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Somebody Catch That Son of a B****!
I wasn’t a very good quarterback
We were midway through morning football practice during the 7-on-7 portion at the Shoemaker High School football field.
Coach gave me the play, I called it in the huddle, and the wide receivers and I broke the huddle. I lined up in a shotgun position and started the cadence. The ball snapped. I dropped back and fired a pass across the middle of the field to a wide receiver running a slant route. The only problem was the linebacker on defense I did not see before throwing the ball. He intercepted my pass.
This pass was my fourth interception in a row. I don’t know what I was thinking or seeing. My performance was terrible, and I knew it. As I hung my head and returned to the huddle, our head coach walked past me and told the center to toss him a football. Confused, I watched to see what our coach was doing.
After my coach retrieved the ball, he put down his play sheet and threw the ball as far as his old-man arm would allow in the opposite direction of where we were practicing. “Somebody go catch that son-of-a-bitch,” he yelled before the ball hit the ground. His exclamation captured the attention of the entire practice field as everyone turned to see what happened and why our coach was so upset.
Coach made his point to me. Anybody could throw a football, but not everyone can be a quarterback. He was tired of watching me throw the ball without intention, rhyme, or reason. In the game of football, the football is the most valued possession of the game, and I gave it away to the defense four times consecutively.
I was embarrassed, but I wouldn’t let it show. Later in the locker room, I laughed with my teammates and friends, who were half-laughing at my scorn and our coach’s anger. Outwardly I couldn’t let it show my coach got to me. But inwardly, I didn’t want to throw another football for the rest of my life.
An action like my coach’s that day could get a coach fired today. Sure, he could’ve handled his frustration differently that morning, but he didn’t. It could’ve scarred me, but I’ve let it shape me. That I can remember this encounter proves that my coach’s action left an indelible mark in my memory and remains a gift that keeps giving.
That moment helps me remember not to throw our valuables in life away without caution. It’s vital to survey where we are and consider the costs before making decisions. Understand the context. Things change. People change. Life doesn’t stand still while we make changes, so we must learn to adapt and anticipate obstacles.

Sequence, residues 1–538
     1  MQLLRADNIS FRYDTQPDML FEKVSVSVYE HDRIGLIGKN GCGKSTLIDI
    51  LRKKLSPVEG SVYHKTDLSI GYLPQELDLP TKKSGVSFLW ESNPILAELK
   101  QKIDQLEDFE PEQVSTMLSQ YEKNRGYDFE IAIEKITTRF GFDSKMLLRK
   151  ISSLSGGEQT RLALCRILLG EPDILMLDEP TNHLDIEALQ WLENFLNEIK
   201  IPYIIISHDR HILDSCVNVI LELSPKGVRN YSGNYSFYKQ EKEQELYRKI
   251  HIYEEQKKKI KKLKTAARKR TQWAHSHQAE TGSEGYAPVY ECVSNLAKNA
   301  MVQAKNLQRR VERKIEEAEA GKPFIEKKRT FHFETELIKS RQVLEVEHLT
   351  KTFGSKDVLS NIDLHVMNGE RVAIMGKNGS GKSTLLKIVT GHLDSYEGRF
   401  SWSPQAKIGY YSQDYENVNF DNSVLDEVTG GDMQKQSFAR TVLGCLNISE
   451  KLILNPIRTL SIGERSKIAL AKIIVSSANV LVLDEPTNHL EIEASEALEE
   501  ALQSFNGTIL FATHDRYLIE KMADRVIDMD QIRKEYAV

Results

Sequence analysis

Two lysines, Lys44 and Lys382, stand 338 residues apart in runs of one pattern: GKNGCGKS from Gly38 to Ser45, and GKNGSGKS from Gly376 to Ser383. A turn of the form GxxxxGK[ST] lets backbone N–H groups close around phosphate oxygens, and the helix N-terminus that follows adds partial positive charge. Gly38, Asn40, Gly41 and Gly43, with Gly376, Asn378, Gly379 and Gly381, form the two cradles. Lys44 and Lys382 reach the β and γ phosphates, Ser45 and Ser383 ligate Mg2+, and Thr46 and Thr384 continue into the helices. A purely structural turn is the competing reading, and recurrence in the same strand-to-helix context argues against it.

For some of us, after we make the mistake of aimlessly throwing our valuables away (time, money, attention, love) can paralyze us, and we’ll want not to take another chance. It can seem safe or wise to forgo a decision, but it isn’t very reasonable. As the quarterback of your life, you can’t hold on to the ball every play and take a knee in hopes of avoiding injury or mistake. You’ll eventually lose possession. You have to let the ball go and trust your scout work, coaches, and teammates— another critical component to winning in life.
Who is on your team? Who are the people around you helping you to march the ball down the field of life? How are you supporting them? Do they have the same or similar goals as you? Do you have a coach in life that is willing to tell you honest and blunt truths about what you’re doing with your life when you’re throwing your valuables away?
After that embarrassing encounter with my coach, I didn’t think he’d let me quarterback the team for the rest of my life. That’s what it felt like at the moment, at least. But he did. Coach picked up his play sheet and marched straight to me. “You throw another interception if you want to,” he dared me with his eyes piercing through my face mask.
He gave me the play. I refocused my attention, called the play in the huddle, then approached the line of scrimmage in shotgun position again. I started my cadence, received the snap, dropped back, and rifled a pass to my receiver w running a dig route across the field. This time, however, I surveyed the surrounding defenders before I let the ball go and delivered the pass with precision directly into my receiver’s hands. I didn’t throw another interception that practice.
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